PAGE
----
If you’ve never had century egg, you probably won’t like it the first time you try it. Or maybe you have big brain and your mind is highly elevated and can appreciate the uniquely amazing flavor harvested by burying eggs in clay and ash for months.

Nowadays, they soak them in a quick alkaline solution, but what matters is that the egg turns black and gelatinous and the yolk turns creamy and gooey. If that doesn’t turn you on enough, they say the delirium-inducing smell comes from the ammonia and sulfur.

But seriously this stuff is amazing, and you’re a fool if you don’t agree. Pop it on some beautifully cubed silken tofu and add soy sauce, sesame oil, and scallions; spoon over rice. So good.

While winter melon is actually harvested in summer, this was a staple in our house throughout the colder months. Winter melon is a giant gourd — heavy like a watermelon, and when cooked, it has a taste and consistency a bit similar to white radish or cucumber. It’s light and delicate, with a mild sweetness.

In this soup, it’s simmered for hours with pork ribs, barley, and goji berries. Preparation of a pool of sweet, garlicky soy sauce and vinegar is essential to dunk the ribs in while eating.

Tong sui translates to “sugar water”. While those two words remind me of a certain hench alien in MIB, tong sui refers to any sweet, warm soup. We didn’t grow up with a nice cake or pie after dinner. Instead, we usually had a bowl of clear soup – some kind of vitamin tonic that felt more like a chore to drink every night.

But for the occasional treat, my mom would make a big pot of sweet soup. My favorite was boiled down mung beans sweetened by rock sugar and thickened by tapioca. Coconut milk on top might have been a Vietnamese touch but regardless, essential. Other honorable mentions include black sesame soup, snow fungus soup, and dau fu faa, sweet and syrupy silken tofu, which you can always find at dim sum spots.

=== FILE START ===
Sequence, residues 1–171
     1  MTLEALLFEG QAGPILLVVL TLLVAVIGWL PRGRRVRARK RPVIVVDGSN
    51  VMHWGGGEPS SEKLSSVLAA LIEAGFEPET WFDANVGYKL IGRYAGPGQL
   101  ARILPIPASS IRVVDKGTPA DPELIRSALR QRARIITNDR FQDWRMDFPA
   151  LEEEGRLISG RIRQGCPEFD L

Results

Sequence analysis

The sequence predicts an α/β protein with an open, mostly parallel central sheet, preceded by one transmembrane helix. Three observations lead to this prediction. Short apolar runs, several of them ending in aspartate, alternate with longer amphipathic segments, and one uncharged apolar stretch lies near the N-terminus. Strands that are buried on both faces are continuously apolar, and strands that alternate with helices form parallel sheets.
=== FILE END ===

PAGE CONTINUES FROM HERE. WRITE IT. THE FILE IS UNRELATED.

7. BAO
Can’t forget a good bao. These are the lil guys chillin in the warm cubbyholes at Chinese bakeries, or they’ll be resting in an overbearing stack of metal trays if they’re steamed. My dad would always bring home a big box of them every time he came back from Chinatown, and we’d fight over who got which one.

Choice cuts are hard to choose because there are so many – pineapple bun, pork floss bun, egg custard bun, red bean bun, lotus seed bun, spam and egg bun, roast pork bun, scallion bun, coconut cream bun – all warm and soft, with a rich slather of treasure in the middle.

Lastly, this glorious packet of powdered instant soymilk turns into a hot sweet drink after some good ol’ microwave power. Traditional or nah, my sister and I would fill our mugs of it with Cheerios and gobble it down with a spoon like proper Americans. Now that I’m allergic to soymilk, finding comfort in my memories will have to suffice.

You can attain all of this joy and happiness at your nearest Chinatown or in the comfort of your own home, as most of these delights are easy to make with ingredients found at your local Asian grocery store. For authentic recipes, I recommend Omnivore’s Cookbook and The Woks of Life, which has a lot of vegan ones as well. Hit up your local Chinese and pan-Asian businesses, which, affected by the pandemic and xenophobia, could really use the support now….